November 20, 2017
MONTPELIER – Before her marriage, Grandma Lange was a shopgirl at a fancy china, linens, and silverware store in downtown Albany. Apparently, she was a character. Family legend has it that once, locked in the washroom by her playful colleagues, she went out the second-story window (in her turn-of-the-century skirt), slid down the awning, lowered herself to the pavement, and walked back in the front door unruffled. She never told the story herself, but I wouldn't put it past her; she was one of a kind.
What I remember her best for is her cooking. My parents, sister, and I spent every Sunday afternoon at her house for dinner. I'm recalling her equipment as I write: a four-burner white porcelain gas stove on legs, with the oven and broiler on the left at waist level; a soapstone chest slow-cooker; and Granddad to mash the potatoes and squash and, after dinner, whip the cream in an antique cast iron-and-glass whisk that I still have somewhere. When she'd retired from the fancy store, she'd been given sets of linen, dishes, and sterling that would have graced a table at the Chateau Laurier. We dined in style.
Granddad, his ambition to be a surgeon frustrated by early poverty, sharpened the antler-handled carving knife on a matching rod-shaped hone (more gifts from the store), stabbed with a matching fork whatever roast meat Grandma brought from the kitchen, and carved off smooth slices as thin as the coasters that held our glasses. But before that – always first! – he intoned a lengthy and articulate prayer of thanks for the family gathered around the table, and for the bounty that always appeared somehow on Sundays. After 1941 there were prayers for "our boys" overseas, especially for Uncle Alvin somewhere in Europe. All the time, the aromas of our imminent dinner suffused the room, almost unbearable to us kids.
Thanksgiving as a holiday is not a part of our pre-Revolutionary heritage, but instead a 19th-century creation. Its date was punted around like a soccer ball like a soccer ball for some years, thanks to the lobbying of merchants who want as long a Christmas shopping season as possible, but it finally settled on the fourth Thursday in November. To me, when I was working regularly, it made a week with two Fridays and two Saturdays, both pleasurable. For Mother, when our own family was growing up, it was a day to share blessings, and we often invited people who otherwise would have no feast or little to be thankful for. This led to occasional unforgettable afternoons.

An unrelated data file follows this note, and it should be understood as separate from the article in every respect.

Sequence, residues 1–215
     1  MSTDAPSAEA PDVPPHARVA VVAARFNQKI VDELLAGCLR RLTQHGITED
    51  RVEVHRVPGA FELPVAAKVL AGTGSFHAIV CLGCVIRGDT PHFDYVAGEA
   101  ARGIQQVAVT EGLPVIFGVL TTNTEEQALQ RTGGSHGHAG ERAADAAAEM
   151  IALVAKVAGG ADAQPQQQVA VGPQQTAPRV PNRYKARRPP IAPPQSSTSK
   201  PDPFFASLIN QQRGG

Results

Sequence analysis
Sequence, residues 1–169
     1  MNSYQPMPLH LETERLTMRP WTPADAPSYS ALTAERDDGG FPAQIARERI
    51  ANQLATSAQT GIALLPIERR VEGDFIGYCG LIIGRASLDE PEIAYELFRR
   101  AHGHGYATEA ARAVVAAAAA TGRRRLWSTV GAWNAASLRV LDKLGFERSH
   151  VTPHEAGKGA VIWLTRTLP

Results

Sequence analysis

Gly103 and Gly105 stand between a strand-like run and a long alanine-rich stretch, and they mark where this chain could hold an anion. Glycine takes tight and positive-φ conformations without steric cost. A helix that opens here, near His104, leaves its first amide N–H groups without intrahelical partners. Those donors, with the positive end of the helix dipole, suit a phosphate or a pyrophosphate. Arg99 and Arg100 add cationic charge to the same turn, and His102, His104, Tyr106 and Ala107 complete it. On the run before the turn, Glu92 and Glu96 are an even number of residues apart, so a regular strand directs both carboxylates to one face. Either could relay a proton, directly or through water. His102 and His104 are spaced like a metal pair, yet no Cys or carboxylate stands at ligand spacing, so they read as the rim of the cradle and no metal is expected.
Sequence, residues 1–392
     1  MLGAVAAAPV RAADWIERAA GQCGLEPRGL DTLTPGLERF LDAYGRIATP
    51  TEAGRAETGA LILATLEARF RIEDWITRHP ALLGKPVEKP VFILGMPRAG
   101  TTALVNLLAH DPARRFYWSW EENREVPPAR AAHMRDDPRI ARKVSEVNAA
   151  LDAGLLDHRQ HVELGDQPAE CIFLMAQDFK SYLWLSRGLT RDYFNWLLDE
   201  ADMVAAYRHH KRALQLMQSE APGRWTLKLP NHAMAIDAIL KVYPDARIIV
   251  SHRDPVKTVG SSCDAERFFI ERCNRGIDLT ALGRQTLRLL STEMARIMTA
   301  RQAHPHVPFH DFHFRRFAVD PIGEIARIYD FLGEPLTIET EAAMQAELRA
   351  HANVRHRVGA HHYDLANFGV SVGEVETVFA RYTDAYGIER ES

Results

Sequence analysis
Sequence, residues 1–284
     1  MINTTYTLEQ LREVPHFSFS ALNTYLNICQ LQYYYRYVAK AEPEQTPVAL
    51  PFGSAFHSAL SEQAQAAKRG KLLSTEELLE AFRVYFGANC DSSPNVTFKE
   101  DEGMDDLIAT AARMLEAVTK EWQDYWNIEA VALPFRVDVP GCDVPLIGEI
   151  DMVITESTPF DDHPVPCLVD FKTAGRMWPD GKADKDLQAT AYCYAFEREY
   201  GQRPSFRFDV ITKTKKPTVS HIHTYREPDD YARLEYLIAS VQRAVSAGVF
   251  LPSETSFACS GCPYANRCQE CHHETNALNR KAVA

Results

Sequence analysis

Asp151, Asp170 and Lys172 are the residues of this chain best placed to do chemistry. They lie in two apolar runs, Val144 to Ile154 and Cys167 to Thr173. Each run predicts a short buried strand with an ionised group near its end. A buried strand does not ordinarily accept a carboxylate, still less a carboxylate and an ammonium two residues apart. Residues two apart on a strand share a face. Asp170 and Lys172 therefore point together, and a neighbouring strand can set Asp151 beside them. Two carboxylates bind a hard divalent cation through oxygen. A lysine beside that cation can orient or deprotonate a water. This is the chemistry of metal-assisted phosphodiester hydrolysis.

I still have a photo of our first Thanksgiving together. I can tell by my posture in it that I used the camera time delay and rushed into position. It's 1960. We're in the parlor of our $20-a-month apartment in the eastern Adirondacks at a table made up of three smaller ones. I'm holding Virginia, the baby; Mother smiles proudly over the spread before us; three of her younger sisters (temporarily entrusted to our care) crane to smile at the camera; and my father and mother complete the crowd. There are, besides the stuffing, vegetables, and gravy on the table, a turkey and a hindquarter of venison. My father, by right of seniority and his priestly status, said the grace; but in his thanksgiving I'm sure he missed the blessings that Mother and I counted most important: health, a healthy baby, a roof that no longer leaked, a space heater that worked, and employment. Not to mention the unspeakable pleasure of each other's company.
This year's Thanksgiving will be just a bit more subdued. The pleasure of each other's company has been, shall we say, somewhat refined by the passage of almost sixty years, but remains intense. The feast, however, will be provided by our younger daughter, who with her husband will bring it to Mother's nursing home, and the four of us will dine right in her room. Grandma's fancy oak table setting will be replaced by a couple of adjustable rolling trays, a wheelchair, a wheeled walker, and one upholstered chair. It's hard, at 82, to give thanks with a straight face for health, but the power I'm thanking will know what I mean.
In church this past Sunday, the rector ended his sermon by passing around the hand-held mike to encourage folks to express their thanks for their blessings. I didn't raise my hand, but listened instead. There was gratitude for families, friends, support in times of trouble, and the fellowship of the church membership. There was thanksgiving for an abundance that allows us to share with the less fortunate.
My own mind ran to embarrassingly mundane matters. Remembering the recent power outage – and dreading more as the climate worsens – I was thankful the outage occurred during a spell of warm weather. I was grateful for a roof that doesn't leak, a furnace that's working and faucets that give water when I turn them on. For not having to live by lamplight. For a credit card that works and vehicles that start in the coldest weather. For plenty of firewood. For faith that, as bad as affairs in our country and the world currently seem, humankind will somehow be able to recognize its shared predicament and potential. For the puppy sleeping at my elbow as I write and the incredible woman waiting for my visit this afternoon.